If you're thinking of adding open source-based managed services to the menu of products your customers can select, and you're coming from a Windows and Microsoft-based background, here are some questions to consider to help you hone your offerings and marketing efforts.
What is your core competency? Offering services just to chase after money is a bad idea if you don't have the knowledge, expertise or experience to back up your products. That said, many channel professionals cut their teeth in the early days of mainstream computing on Unix-based systems, so offering open source services and platform deployments via Linux, FreeBSD and other operating systems may simply be a throwback to the days of old.
What value does an open source managed service offering add for your clients? As satisfying as making a political statement can be, a wholesale switch on the server, client or both away from Microsoft technologies does not always make good business sense. Do you have the skills and the belief in open source technologies to illustrate where these products would have a positive financial impact in your customers' businesses? What kinds of problems will open source software solve? What types of services can you offer to dovetail with those solutions and ultimately create a better value for your customer?
For instance, perhaps you could implement better terminal-based services than Windows will allow. Or perhaps you can run a Linux-based Web server and mail server at a certain percentage of the cost of a Microsoft deployment. Better still, maybe Linux can breathe some new life into older hardware that the customer may already have given up on. These are all options.
Are you noticing a resistance to the "upgrade game" when dealing with Microsoft technologies? If this latest release of Windows Vista and Microsoft Office 2007 has spurred a somewhat lackluster response from your clients, perhaps they're interested in a less arduous upgrade cycle. Perhaps the better licensing terms appeal to your customers, and the fact that upgrades to Linux systems and, for the most part, Linux programs, do not require any cash outlay for the code itself -- the cost is in the support. If you are serious about drumming up demand for your open source managed services, touting the end of the upgrade ball-and-chain is a point that will resonate with your clients.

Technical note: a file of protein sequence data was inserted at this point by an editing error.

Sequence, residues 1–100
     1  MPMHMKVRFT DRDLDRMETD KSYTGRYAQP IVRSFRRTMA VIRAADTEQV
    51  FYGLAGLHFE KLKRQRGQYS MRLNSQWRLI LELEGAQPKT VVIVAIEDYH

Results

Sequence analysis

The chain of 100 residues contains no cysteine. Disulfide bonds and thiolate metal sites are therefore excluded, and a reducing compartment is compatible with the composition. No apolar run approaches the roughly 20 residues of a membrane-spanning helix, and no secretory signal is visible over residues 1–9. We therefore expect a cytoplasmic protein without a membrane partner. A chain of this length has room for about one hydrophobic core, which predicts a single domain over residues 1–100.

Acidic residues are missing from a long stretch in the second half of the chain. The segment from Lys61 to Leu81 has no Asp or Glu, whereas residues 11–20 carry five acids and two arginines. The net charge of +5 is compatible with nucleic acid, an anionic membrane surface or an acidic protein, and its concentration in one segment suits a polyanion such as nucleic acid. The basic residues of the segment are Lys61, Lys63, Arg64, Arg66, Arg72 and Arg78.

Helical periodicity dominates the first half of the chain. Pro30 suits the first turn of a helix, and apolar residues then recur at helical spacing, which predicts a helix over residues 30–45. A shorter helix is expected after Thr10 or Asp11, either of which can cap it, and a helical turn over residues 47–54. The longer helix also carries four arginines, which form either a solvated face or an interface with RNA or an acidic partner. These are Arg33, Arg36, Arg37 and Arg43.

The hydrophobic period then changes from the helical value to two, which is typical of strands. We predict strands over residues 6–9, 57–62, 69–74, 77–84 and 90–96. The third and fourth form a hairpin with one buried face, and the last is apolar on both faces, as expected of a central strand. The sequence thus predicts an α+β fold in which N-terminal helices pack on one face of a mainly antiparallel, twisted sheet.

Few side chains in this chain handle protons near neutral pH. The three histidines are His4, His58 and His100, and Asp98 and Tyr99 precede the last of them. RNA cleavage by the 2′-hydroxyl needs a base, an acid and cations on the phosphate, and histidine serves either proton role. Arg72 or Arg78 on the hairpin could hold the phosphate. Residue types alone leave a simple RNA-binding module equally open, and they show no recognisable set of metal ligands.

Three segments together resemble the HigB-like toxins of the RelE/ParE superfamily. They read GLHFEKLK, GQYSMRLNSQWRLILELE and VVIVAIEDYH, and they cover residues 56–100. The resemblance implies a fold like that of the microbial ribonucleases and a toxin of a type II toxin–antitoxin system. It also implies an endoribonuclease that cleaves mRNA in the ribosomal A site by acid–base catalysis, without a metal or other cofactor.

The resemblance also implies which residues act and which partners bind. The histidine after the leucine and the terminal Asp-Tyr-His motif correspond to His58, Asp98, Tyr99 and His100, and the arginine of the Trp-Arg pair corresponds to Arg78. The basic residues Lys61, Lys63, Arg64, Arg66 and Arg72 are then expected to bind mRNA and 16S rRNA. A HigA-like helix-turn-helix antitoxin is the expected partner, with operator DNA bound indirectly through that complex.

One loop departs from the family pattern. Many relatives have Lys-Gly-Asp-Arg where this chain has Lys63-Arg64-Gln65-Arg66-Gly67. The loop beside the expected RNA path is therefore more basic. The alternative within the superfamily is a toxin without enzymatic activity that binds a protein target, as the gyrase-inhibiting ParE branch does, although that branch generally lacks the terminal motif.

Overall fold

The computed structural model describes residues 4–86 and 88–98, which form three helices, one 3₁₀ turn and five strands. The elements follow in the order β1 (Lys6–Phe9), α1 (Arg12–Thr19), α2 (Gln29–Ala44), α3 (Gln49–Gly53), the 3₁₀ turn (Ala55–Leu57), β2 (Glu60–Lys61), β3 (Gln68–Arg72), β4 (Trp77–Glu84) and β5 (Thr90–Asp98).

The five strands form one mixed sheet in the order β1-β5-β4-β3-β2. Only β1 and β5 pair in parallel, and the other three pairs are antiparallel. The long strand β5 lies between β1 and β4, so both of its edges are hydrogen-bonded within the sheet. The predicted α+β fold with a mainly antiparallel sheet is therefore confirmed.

Do your clients have a large revenue stream in businesses that traditionally have used non-Windows systems? For example, if you work with clients in the media business, you might find that graphic designers, layout artists and even academic persons often work in non-Microsoft spaces. If you haven't broken into these types of submarkets yet, your services and credibility will mean a lot to prospective customers who don't want Windows and Office foisted upon them. However, if you have customers with sizable existing investments in Windows and Office technology, you might find Linux and other open source solutions a harder sell.
Can you do diligence when offering both traditional Windows services and open source services simultaneously? If you're a one-man shop, there is the "you factor" cost: That is, when you're with a client deploying open source solutions, that is time that you physically can't be offering Windows solutions. What is your demand curve like? Can you really offer enough savings to the client in terms of support and cost of ownership that it makes sense to go open source over a traditional Windows deployment? Are you really offering your clients a benefit? These are all things to consider.
About the author: Jonathan Hassell is an author, consultant and speaker residing in Charlotte, North Carolina. Jonathan's books include RADIUS, Learning Windows Server 2003, Hardening Windows and most recently Windows Vista: Beyond the Manual. His work is seen regularly in popular periodicals such as Windows IT Pro Magazine, SecurityFocus, PC Pro and Microsoft TechNet Magazine. He speaks around the world on topics including Windows administration, networking and security.